The University of Southern California (USC) Division of Biokinesiology and Physical Therapy offers an “Essentials for Appraising Evidence” online course package, outlining clinical practice guidelines, systemic reviews, and 2-part Appraising Intervention Studies.
According to the university’s website, the course series features a case-based module designed to assist physical therapists (PTs) in understanding and applying clinical practice guidelines (CPGs) in clinical practice. The module reportedly discusses the purpose of CPGs, as well as the differences between CPGs and other evidence-based resources such as Clinical Prediction Rules and Clinical Summaries. The module is also designed to provide resources for finding CPGs, discuss CPG appraisal tools, and review a publicly available CPG in detail using the AGREE II tool.
The university states that completion of this module will enable participants to describe and identify the purpose of clinical practice guidelines, list resources to find clinical practice guidelines, and complete a checklist to appraise the applicability, quality, and clinical unity of clinical practice guidelines.
The systematic reviews module is intended to assist PTs in gaining the ability to understand and apply systematic reviews in clinical practice. The module is also slated to outline the differences between narrative reviews and systematic reviews with and without meta-analysis. The university notes that participants will also learn about the best sources for finding systematic reviews. Upon completion of the module, the university says, participants will have gained the ability to list resources to find systematic reviews, complete a checklist; including items from the AMSTAR tools, to appraise the applicability, quality, and clinical implications of a systematic review. Participants will also have the ability to understand the different types of reviews and literature upon the module’s completion.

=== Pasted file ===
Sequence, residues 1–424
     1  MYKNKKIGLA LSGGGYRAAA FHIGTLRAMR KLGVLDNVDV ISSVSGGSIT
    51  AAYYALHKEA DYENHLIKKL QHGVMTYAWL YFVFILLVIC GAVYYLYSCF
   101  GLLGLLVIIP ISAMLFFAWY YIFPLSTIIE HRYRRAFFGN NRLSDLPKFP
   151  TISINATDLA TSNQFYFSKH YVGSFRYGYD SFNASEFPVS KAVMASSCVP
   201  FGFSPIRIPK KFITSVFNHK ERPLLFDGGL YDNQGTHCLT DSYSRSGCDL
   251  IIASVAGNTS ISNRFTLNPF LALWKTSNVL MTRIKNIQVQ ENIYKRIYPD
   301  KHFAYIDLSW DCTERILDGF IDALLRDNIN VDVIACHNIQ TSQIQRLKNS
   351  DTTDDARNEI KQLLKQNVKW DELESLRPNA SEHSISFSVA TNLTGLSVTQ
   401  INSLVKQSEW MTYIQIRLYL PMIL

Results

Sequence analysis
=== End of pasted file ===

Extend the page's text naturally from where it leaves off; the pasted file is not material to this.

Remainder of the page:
In the two-part Appraising Intervention Studies module, participants will first define key questions designed to enable them to appraise the quality of an intervention study. The university notes that the first module will also allow participants to learn to locate where the answers to these questions are typically found in an article. Upon completion, participants will have achieved a variety of objectives including the ability to identify typical study designs for intervention research, state the most important flaws in an intervention research study, and identify typical study designs for intervention research.
Part two of the module targets the interpretation of the results of an intervention study. Participants will learn, the site states, how to determine the difference between a statistically significant result and a clinically meaningful result. Upon completion of the module, participants will accomplish objectives that include the ability to state reasons to use specific types of statistics, interpret data in tables in research papers, and interpret the results of an intervention study.
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[Source: USC Division of Biokinesiology and Physical Therapy]